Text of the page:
But Trump’s instincts told him that we’re not quite there yet, that the majority of these people who were left out from globalization, their wages had stagnated. They were not eligible for affirmative action. They were not taking advantage of privilege. In terms of university admissions, to take one example, they didn’t qualify for either affirmative action or the “Old Boy Network” where somebody calls up and calls a friend that uses capital or influence to get his son or grandson in. And Trump saw that those people actually would determine future elections because the country’s split 50-50, but under the electoral college system, one vote in Michigan, or one vote in Wisconsin, or one vote in Pennsylvania is worth 100 votes in Texas, which won’t go blue, or California that won’t go red, and he saw that.
And so he, I think, tailor-made — whether it was sincere or insincere, it doesn’t matter — he tailor-made a message based on bringing back industry, bringing back capital, enforcing the borders, not making the children of the lower middle classes fight for wars that were dreamed up in Washington, et cetera, et cetera, and that appealed to people in about 10-to-15 states, and he flipped about six-to-eight million voters who otherwise would’ve either not voted or voted Democratic.
With Trump, he was a more effective spokesman for that anger than were other candidates that under traditional definitions, were considered more sober, or judicious, or experienced.
Ben Weingarten: In your view, how much of President Trump’s political success is personality-driven versus indicative of a greater political shift? And what I’m getting at here is, is Trumpism, in your view, going to become a new political philosophy that cuts across party lines, or do you believe that the Trump movement is an outlier in American political history?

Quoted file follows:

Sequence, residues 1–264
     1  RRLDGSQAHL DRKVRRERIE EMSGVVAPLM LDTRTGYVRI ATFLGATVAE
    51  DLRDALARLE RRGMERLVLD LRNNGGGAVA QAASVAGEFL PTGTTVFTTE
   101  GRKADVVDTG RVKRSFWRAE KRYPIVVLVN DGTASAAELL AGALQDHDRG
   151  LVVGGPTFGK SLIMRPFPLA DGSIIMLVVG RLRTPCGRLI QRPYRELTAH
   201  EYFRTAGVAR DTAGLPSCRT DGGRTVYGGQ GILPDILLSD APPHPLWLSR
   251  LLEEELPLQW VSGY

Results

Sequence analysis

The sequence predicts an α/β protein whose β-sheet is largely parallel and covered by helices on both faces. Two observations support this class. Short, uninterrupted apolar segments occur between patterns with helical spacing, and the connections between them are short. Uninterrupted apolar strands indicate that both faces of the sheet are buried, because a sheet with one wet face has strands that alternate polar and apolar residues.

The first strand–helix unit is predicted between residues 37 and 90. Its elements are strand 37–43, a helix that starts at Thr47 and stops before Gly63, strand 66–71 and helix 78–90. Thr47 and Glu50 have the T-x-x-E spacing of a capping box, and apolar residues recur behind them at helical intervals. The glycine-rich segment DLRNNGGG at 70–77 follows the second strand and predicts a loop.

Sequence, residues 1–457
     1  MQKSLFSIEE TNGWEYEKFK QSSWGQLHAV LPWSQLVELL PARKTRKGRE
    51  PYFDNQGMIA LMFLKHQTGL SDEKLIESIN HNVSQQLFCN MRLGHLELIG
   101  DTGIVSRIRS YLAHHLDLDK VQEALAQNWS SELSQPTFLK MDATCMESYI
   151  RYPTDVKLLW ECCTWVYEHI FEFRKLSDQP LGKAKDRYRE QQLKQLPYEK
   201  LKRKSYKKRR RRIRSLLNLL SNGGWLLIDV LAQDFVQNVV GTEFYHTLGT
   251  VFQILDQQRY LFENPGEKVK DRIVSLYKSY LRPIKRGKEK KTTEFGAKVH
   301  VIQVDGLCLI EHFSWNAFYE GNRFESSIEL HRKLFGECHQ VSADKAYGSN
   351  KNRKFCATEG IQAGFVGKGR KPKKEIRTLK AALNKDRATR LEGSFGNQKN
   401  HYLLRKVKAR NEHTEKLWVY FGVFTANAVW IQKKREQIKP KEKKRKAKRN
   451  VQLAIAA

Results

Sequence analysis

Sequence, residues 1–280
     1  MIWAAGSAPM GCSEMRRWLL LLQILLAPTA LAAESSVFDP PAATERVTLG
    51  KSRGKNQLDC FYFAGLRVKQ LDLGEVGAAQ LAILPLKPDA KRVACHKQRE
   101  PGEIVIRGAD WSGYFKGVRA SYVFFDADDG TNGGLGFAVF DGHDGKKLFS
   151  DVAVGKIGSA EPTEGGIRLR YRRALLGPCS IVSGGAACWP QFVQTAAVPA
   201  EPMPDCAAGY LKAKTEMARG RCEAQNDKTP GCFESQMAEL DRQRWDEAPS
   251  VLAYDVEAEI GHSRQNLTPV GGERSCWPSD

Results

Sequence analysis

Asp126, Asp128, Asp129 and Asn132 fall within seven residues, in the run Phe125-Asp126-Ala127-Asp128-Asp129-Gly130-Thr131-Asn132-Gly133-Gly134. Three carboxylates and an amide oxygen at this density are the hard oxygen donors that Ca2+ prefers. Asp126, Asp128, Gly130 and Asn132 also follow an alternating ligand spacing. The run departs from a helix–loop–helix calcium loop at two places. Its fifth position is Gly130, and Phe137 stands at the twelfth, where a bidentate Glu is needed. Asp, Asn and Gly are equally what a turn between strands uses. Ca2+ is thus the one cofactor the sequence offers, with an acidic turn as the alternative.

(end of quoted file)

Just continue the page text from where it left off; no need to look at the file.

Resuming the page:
Victor Davis Hanson: I think it’s about half and half. I think he has much more charismatic appeal than does Bernie Sanders, who’s a 73 year-old socialist, and yet he had some of the issues that Trump had in the populist sense that resonated. So I think about half of Trump’s agenda is transferable. And I think the Republican party will not win at the national level — just remember it’s lost four out of the last six elections, and it hasn’t won 51 percent of the vote, I think, since 1988. 51 percent, that’s pretty…that’s a low bar, and what I’m getting at is if it [the GOP] does not return to the idea of enforcing the border and worrying about U.S. citizens and whether trade is not just free but also fair, it’s not gonna do well. But with Trump, he was a more effective spokesman for that anger than were other candidates that under traditional definitions, were considered more sober, or judicious, or experienced. Marco Rubio was supposed to be more charismatic, young. Jeb Bush was more affable. Ted Cruz was more informed. Carly Fiorina was a better outsider. Ben Carson was a better outsider. Chris Christie and Scott Walker had more experience, but they didn’t have that celebrity cachet that Trump had developed from living in New York and being on television. So I think about half of it is his message, and half of it is the unique messenger.